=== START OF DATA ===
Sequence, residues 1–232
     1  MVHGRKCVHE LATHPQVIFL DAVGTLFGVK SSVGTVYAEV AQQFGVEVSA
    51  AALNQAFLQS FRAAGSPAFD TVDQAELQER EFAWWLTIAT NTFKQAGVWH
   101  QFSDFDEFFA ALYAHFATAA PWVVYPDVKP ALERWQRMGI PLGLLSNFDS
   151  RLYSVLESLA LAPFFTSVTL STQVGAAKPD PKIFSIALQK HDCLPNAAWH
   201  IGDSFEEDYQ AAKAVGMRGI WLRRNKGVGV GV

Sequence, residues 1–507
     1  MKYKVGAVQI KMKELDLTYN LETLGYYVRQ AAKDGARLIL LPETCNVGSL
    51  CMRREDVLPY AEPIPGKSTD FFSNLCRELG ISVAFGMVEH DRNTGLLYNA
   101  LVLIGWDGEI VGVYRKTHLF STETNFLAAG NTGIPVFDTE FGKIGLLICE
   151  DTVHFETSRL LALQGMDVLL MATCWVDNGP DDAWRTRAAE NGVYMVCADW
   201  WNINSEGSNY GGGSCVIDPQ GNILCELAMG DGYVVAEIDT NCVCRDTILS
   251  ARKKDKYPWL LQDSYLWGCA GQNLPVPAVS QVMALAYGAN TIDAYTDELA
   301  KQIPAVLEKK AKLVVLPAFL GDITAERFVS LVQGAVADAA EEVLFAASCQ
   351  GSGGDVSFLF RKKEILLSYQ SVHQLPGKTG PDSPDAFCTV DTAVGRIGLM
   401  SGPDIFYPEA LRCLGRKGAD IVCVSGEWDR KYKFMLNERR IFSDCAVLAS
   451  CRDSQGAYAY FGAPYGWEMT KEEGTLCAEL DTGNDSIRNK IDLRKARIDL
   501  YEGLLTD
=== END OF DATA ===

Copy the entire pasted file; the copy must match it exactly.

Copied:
Sequence, residues 1–232
     1  MVHGRKCVHE LATHPQVIFL DAVGTLFGVK SSVGTVYAEV AQQFGVEVSA
    51  AALNQAFLQS FRAAGSPAFD TVDQAELQER EFAWWLTIAT NTFKQAGVWH
   101  QFSDFDEFFA ALYAHFATAA PWVVYPDVKP ALERWQRMGI PLGLLSNFDS
   151  RLYSVLESLA LAPFFTSVTL STQVGAAKPD PKIFSIALQK HDCLPNAAWH
   201  IGDSFEEDYQ AAKAVGMRGI WLRRNKGVGV GV

Sequence, residues 1–507
     1  MKYKVGAVQI KMKELDLTYN LETLGYYVRQ AAKDGARLIL LPETCNVGSL
    51  CMRREDVLPY AEPIPGKSTD FFSNLCRELG ISVAFGMVEH DRNTGLLYNA
   101  LVLIGWDGEI VGVYRKTHLF STETNFLAAG NTGIPVFDTE FGKIGLLICE
   151  DTVHFETSRL LALQGMDVLL MATCWVDNGP DDAWRTRAAE NGVYMVCADW
   201  WNINSEGSNY GGGSCVIDPQ GNILCELAMG DGYVVAEIDT NCVCRDTILS
   251  ARKKDKYPWL LQDSYLWGCA GQNLPVPAVS QVMALAYGAN TIDAYTDELA
   301  KQIPAVLEKK AKLVVLPAFL GDITAERFVS LVQGAVADAA EEVLFAASCQ
   351  GSGGDVSFLF RKKEILLSYQ SVHQLPGKTG PDSPDAFCTV DTAVGRIGLM
   401  SGPDIFYPEA LRCLGRKGAD IVCVSGEWDR KYKFMLNERR IFSDCAVLAS
   451  CRDSQGAYAY FGAPYGWEMT KEEGTLCAEL DTGNDSIRNK IDLRKARIDL
   501  YEGLLTD